Since its introduction to the major credit bureaus in the early ‘90s, banks and other creditors have used the FICO score to evaluate a borrower’s creditworthiness for everything from auto loans, home mortgages, credit cards, and small-business loans.
Yes, your personal credit score, or FICO score, might not be the best measure of whether or not your business will successfully repay a business loan, but in tandem with some other metrics, it does help a lender answer three very important questions:
- Can your business repay a loan? Lenders will look at your business’s revenue and cash flow to see if you can afford the debt.
- Will your business repay a loan? Your FICO score plays a role here. A lender will look at your personal credit history to try to determine if you’re the type of borrower who typically meets his or her financial obligations. If you’ve consistently done so in the past (in both your personal and professional life), a lender can have a reasonable expectation that you will continue to do so in the future.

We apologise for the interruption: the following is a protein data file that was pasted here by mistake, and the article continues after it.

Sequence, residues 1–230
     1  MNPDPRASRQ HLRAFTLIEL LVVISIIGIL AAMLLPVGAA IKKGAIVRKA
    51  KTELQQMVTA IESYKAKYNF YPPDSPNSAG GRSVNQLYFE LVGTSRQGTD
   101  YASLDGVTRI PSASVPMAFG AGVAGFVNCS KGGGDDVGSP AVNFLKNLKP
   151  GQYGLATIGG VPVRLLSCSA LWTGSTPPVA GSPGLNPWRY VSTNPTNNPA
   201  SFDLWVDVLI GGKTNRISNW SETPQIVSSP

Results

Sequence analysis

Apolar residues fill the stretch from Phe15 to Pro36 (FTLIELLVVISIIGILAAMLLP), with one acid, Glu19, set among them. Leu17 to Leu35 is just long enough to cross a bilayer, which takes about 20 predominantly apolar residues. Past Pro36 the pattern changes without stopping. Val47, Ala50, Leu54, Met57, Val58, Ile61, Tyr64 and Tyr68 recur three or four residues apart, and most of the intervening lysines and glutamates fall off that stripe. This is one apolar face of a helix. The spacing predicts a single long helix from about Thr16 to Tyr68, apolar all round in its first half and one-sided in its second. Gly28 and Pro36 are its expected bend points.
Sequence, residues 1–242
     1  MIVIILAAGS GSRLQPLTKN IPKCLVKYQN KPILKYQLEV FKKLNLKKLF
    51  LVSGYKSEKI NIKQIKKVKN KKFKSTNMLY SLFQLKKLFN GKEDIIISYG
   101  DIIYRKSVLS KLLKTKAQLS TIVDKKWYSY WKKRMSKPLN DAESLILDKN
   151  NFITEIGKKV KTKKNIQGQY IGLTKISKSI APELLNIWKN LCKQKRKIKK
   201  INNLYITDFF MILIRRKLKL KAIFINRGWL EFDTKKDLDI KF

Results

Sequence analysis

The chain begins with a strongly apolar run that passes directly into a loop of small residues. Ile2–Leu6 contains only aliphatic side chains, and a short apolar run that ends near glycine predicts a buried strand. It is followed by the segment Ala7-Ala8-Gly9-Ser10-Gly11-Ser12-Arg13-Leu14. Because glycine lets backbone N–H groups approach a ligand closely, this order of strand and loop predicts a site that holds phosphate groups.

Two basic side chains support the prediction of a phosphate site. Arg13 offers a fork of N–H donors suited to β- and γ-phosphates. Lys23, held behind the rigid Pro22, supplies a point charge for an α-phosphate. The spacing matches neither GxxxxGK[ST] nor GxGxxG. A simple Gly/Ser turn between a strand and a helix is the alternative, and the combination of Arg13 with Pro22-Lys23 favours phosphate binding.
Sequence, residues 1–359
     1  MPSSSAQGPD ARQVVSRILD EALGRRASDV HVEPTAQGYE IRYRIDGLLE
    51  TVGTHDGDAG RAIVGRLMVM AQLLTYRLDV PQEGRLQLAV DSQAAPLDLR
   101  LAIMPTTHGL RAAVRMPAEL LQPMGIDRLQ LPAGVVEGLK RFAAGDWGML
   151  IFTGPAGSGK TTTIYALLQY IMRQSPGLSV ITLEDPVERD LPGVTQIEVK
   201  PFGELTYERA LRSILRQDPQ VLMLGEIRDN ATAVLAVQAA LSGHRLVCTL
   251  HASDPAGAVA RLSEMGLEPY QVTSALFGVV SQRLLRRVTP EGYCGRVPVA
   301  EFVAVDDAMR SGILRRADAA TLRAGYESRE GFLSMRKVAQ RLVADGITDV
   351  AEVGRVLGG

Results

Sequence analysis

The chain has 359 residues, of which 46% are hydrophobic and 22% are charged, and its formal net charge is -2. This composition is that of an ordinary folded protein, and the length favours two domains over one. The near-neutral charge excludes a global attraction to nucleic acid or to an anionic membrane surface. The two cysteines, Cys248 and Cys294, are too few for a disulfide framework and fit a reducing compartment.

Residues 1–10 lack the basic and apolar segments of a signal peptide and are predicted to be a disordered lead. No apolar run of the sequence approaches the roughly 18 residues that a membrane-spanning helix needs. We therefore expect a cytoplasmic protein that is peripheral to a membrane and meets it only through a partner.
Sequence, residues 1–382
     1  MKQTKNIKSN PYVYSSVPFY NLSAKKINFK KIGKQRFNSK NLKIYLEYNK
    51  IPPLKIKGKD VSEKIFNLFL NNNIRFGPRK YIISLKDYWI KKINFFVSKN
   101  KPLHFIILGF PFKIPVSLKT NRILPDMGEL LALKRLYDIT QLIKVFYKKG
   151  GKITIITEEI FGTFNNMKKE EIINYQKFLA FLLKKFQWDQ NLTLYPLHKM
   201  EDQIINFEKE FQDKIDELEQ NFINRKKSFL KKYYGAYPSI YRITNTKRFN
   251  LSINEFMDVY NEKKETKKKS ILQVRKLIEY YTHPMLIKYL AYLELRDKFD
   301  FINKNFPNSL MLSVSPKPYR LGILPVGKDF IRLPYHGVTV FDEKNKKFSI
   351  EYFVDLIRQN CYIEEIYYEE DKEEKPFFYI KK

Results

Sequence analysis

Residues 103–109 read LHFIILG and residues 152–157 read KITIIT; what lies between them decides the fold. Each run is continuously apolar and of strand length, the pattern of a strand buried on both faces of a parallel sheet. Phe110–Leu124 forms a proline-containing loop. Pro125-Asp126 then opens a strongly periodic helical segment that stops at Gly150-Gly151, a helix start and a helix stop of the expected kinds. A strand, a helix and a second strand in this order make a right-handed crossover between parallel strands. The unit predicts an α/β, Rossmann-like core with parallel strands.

- Will your business make each and every loan payment? Your FICO score plays into this question too. Lenders are trying to determine what you’ll do in the future based on what you’ve done in the past. They’ll look at both your business credit profile and your personal FICO score to make that determination. The thought is if you make all your loan payments regarding your personal credit obligations, you will likely do the same with your business obligations.
There are circumstances where a business owner with a weak personal credit profile might still be able to successfully make loan payments. But over the years, lenders have seen a correlation between how a borrower meets their personal obligations and how they meet their business obligations. So as a small-business owner, you should assume that your personal credit score, or FICO score, will always be part of the equation.